Five Brazil players who must step up
Rarely can a victory feel so much like a defeat.
Brazil secured safe passage to the semifinals of their own Copa das Copas on Friday evening with a 2-1 win over Colombia but were left counting the cost in terms of personnel.
Centre-back Thiago Silva, who responded to the furor over his tears against Chile with the opening goal, would later pick up a silly booking, meaning he is suspended for Tuesday's last four encounter with Germany in Belo Horizonte.
That seemed bad enough, but much worse was to come in the second half when Neymar -- Brazil's one shining light for much of this tournament -- went down following a clumsy challenge by Juan Zuniga.
Neymar out of the World Cup
- Ex-ref blames FIFA for Neymar injury
- FIFA to investigate Neymar injury
- Referee Carballo faces criticism
- Jones: The morning after the night before
- Duarte: The World Cup's crushing loss
- World Cup Tonight: How will Brazil cope?
- Young: Brazilian media reacts
- Uersfeld: German media reaction
- Lang: Five players who must step up
- Neymar injury dampens celebration
The Barcelona star appeared to be in pain as he was stretchered off, but few were prepared for the news that emerged after the final whistle: Neymar had fractured a vertebra and will miss the rest of the World Cup. A nation's pupils dilated, Brazil must now seek to win the competition without their best player and talisman.
While the emotional fallout will continue in the coming hours and days, there are practical matters at hand for Luiz Felipe Scolari, who must replace both his captain and top scorer on Tuesday.
Here are five players who will need to step up to the plate if Brazil hope to reach the final at the Maracana on July 13:
The Bayern Munich man is the most obvious replacement for Thiago Silva. Positionally sound and good with the ball at his feet, he certainly has the talent to step into the fray, while he will also be familiar with Germany's attacking players, having spent much of his career in the Bundesliga.
Brazil will, of course, miss the Thiago Silva-David Luiz partnership, which has remained undefeated over 26 games, but Dante is more than capable of smoothing things over at the back.
Whoever takes the armband against Germany, David Luiz will be the de facto captain of the side. The defender is one of the most passionate, forceful characters in the dressing room and will be even more determined to make his voice heard in the absence of two senior teammates.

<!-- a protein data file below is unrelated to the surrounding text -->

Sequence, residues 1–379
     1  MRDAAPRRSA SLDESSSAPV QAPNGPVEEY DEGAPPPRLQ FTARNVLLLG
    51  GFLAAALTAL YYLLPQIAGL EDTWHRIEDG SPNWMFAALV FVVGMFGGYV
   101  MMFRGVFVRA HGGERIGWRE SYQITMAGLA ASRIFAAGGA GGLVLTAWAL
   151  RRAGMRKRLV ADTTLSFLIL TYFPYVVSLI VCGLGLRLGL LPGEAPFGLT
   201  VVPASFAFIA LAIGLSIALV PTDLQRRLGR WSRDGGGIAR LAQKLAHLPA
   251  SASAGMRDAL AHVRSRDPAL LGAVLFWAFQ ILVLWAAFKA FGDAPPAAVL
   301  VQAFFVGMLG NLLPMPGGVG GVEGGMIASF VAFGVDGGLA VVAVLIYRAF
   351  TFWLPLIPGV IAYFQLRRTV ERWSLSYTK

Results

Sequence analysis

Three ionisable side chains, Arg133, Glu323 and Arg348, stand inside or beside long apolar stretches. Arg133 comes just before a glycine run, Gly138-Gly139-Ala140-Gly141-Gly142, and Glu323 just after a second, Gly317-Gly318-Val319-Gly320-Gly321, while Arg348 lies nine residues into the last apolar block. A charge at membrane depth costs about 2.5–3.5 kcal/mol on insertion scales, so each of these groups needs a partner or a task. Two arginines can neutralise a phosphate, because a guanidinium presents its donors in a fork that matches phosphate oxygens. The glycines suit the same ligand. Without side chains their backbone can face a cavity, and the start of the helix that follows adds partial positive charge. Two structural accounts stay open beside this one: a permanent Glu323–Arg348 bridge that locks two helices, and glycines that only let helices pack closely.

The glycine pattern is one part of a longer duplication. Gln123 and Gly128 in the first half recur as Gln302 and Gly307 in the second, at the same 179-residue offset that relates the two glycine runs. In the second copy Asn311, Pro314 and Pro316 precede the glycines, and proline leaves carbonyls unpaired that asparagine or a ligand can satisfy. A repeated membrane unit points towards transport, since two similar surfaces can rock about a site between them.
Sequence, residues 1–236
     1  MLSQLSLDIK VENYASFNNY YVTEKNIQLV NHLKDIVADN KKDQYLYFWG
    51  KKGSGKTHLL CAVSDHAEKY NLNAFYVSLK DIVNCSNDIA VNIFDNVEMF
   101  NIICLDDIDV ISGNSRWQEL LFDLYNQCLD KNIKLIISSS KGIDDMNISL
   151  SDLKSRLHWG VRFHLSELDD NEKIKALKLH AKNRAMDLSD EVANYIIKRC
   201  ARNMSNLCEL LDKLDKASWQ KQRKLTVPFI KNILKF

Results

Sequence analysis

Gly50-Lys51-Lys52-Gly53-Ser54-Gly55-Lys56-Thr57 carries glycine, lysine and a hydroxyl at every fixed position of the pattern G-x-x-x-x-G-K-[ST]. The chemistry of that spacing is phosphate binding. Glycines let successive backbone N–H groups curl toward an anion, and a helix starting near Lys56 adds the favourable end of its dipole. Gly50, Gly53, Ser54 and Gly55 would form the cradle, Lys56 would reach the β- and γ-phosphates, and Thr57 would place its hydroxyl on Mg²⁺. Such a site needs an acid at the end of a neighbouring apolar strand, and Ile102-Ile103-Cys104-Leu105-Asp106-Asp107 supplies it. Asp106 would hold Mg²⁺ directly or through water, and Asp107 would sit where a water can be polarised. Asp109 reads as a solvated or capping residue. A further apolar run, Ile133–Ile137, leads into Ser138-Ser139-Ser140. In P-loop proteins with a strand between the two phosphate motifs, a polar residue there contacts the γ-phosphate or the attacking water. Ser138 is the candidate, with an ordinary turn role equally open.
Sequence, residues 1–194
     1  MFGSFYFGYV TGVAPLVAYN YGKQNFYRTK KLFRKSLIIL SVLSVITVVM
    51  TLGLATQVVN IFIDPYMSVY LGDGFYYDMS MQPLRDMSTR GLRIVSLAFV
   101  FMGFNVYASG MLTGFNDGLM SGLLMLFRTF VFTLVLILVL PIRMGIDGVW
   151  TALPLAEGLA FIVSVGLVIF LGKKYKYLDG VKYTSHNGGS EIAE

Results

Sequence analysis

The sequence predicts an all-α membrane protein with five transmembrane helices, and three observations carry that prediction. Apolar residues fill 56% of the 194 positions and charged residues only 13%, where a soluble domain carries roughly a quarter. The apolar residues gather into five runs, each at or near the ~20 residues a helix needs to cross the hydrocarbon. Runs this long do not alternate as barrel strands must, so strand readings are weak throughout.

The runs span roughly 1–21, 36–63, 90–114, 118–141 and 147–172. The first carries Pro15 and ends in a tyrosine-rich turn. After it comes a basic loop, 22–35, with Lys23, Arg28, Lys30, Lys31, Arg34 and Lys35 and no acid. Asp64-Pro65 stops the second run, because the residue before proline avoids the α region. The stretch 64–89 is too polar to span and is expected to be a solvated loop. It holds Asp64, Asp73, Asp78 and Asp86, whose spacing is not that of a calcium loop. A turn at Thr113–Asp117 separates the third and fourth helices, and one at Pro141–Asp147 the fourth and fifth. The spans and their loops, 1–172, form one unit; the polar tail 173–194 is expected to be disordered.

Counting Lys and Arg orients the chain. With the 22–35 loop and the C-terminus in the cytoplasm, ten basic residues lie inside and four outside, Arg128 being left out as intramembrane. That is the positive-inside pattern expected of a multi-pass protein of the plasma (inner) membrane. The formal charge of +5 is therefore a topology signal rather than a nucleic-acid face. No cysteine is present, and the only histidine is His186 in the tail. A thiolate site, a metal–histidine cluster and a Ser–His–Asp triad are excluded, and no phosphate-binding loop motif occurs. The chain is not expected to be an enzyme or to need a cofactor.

He will also need to lead by example just as he did against Colombia with a rousing first-half run and a wonderful free-kick after the break that sealed the win for the Selecao. While still subject to criticism in Europe, Luiz is a giant in Brazil.
A key attacking force for Brazil at last summer's Confederations Cup, Oscar has been asked to perform a less glamorous duty this summer. With Neymar playing more centrally, the Chelsea midfielder has tended to start on the flanks, spending as much time defending as contributing farther forward.
As a result, he has yet to produce the performances of which everyone knows he is capable. Perhaps now he will be granted a central berth and greater freedom.
If Oscar does indeed move into the hole, it is likely that Willian will get his first start of the tournament out wide. The 25-year-old impressed in the pre-tournament friendlies against Panama and Serbia and can feel slightly aggrieved not to have played a more significant role in Brazil's campaign thus far. Now might be his moment to shine.
With Neymar sidelined, the goals will have to come from somewhere else. Fred has had a poor tournament so far, failing to get involved with Brazil's buildup play and lacking his usual ruthlessness in front of goal. However, with Jo the only other striker in the squad, he remains the most likely to pick up the slack. Scolari must hope that he raises his game against Germany.
Jack Lang writes about football (mainly Brazilian) for a number of websites and publications, including The Mirror, Yahoo! Eurosport, When Saturday Comes and UEFA.com. You can find links to all his articles on his blog, Snap, Kaká and Pop!.